BioMedBC Project

BioMedBC Project is focused on improving the patient management of Bladder Cancer

 

Epidemiology and Treatment

Bladder Cancer (BC) is the 4th most common cancer in men and the 11th most common in women [1].

It is characterized by the highest recurrence rate and it is the costliest cancer type to manage. The majority of BC (~70%) are

classified as Non Muscle Invasive (NMIBC, stages Ta,T1, Tis) and are treated by transurethral resection and BCG intravesical

immunotherapy [2]; whereas ~30% are Muscle Invasive (MIBC, stages T2-4) and treated by radical cystectomy, (neo)adjuvant

chemotherapy or (chemo)radiotherapy [3-5]. Still, ~40% of the NMIBC patients do not fully respond to BCG treatment. As the current

therapeutic options are limited, MIBC patients also present with poor 5-year survival rate (30-50%) [6]. Apart from cisplatin-based

chemotherapy and cystectomy, no other treatment has been established for the past 30 years, with the exception of a recently

introduced immunotherapy that targets the PD-L1 molecule. Phenotypic diversity in urological tumors is delaying the translation of

the clinical trials’ results to new standard treatment options.

 

 

 

Clinical Challenges

Unraveling the molecular alterations in the incipient phases of BC is important for the establishment of earlier

therapeutic interventions. While reliable biomarkers (BM) for patient stratification are currently not available for clinical use, the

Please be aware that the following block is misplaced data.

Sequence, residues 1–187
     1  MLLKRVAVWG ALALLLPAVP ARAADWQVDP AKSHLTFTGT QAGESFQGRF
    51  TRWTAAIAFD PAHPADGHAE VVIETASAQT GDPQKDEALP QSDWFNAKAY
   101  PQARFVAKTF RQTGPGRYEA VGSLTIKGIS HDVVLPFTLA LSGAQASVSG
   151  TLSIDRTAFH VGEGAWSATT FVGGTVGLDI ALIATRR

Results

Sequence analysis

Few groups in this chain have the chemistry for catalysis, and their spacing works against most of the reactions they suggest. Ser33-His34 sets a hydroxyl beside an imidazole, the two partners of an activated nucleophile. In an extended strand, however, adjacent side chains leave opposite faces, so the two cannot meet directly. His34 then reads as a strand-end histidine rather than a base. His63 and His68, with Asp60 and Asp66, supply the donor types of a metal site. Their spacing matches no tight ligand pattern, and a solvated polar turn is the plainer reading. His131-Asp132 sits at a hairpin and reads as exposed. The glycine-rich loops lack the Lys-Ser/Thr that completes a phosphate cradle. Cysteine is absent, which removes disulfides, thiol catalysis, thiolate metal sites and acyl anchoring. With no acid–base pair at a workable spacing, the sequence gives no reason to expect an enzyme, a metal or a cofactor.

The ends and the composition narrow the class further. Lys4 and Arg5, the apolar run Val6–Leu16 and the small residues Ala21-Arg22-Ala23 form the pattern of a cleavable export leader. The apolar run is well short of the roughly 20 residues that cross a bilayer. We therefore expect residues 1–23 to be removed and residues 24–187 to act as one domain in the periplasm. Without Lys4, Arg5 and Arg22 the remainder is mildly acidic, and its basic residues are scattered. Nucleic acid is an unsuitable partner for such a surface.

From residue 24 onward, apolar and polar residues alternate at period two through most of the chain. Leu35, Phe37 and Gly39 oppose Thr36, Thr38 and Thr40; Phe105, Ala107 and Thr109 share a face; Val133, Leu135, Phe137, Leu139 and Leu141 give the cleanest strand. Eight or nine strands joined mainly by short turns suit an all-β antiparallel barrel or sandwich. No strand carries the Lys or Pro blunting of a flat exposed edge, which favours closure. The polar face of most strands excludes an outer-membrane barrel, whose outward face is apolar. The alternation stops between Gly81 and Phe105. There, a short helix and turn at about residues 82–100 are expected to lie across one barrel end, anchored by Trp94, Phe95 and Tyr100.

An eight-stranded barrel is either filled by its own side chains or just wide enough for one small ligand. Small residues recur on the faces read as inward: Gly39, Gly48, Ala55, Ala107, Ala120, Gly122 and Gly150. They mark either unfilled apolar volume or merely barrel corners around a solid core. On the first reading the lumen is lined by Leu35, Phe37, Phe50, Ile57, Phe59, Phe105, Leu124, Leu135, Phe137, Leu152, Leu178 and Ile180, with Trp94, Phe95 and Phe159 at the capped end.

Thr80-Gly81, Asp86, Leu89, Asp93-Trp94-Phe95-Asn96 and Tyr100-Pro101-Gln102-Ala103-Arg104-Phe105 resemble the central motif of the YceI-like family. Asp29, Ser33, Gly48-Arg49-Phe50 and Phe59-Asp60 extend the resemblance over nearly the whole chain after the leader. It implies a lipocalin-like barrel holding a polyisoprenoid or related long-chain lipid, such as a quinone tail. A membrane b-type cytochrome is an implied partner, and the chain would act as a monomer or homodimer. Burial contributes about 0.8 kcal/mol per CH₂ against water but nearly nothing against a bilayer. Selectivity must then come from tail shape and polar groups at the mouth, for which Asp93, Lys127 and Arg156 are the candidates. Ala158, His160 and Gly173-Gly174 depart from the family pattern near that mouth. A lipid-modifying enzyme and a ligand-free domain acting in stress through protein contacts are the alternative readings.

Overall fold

newly designed clinical trials, highlight the value of companion tests, i.e. prognostic and predictive BM, to guide intervention.

Therefore, the identification of BC molecular signatures to enable the stratification of BC patients is a challenge culminating in the

vision of personalized therapy that will significantly improve on patient management. Using cutting-edge clinical proteomics

platforms, the BioMedBC proposal focuses on the application of systems biology and cross-omics data integration methodologies to

achieve:

a) the molecular characterization of BC and

b) develop signatures to predict the clinical outcome

 

 

 

References

  1. Kamat, A.M., et al., Bladder cancer. Lancet, 2016.
  2. Babjuk, M., et al., EAU guidelines on non-muscle-invasive urothelial carcinoma of the bladder: update 2013. Eur Urol, 2013. 64(4): p. 639-53.
  3. Kaufman, D.S., W.U. Shipley, and A.S. Feldman, Bladder cancer. Lancet, 2009. 374(9685): p. 239-49.
  4. Witjes, J.A., et al., EAU guidelines on muscle-invasive and metastatic bladder cancer: summary of the 2013 guidelines. Eur Urol, 2014. 65(4): p. 778-92.
  5. Prasad, S.M., et al., Urothelial carcinoma of the bladder: definition, treatment and future efforts. Nat Rev Urol, 2011. 8(11): p. 631-42.
  6. Kiselyov, A., S. Bunimovich-Mendrazitsky, and V. Startsev, Key signaling pathways in the muscle-invasive bladder carcinoma: Clinical markers for disease modeling and optimized treatment. Int J Cancer, 2016. 138(11): p. 2562-9.

 

 
 
 
BioMedBC is a Marie Sklodowska Curie Actions (MSCA) Individual Fellowship programme (H2020-MSCA-IF-2016)
funded by the European Union under the Horizon2020 Framework Programme (Grant Agreement:752755) and
coordinated by Mosaiques diagnostics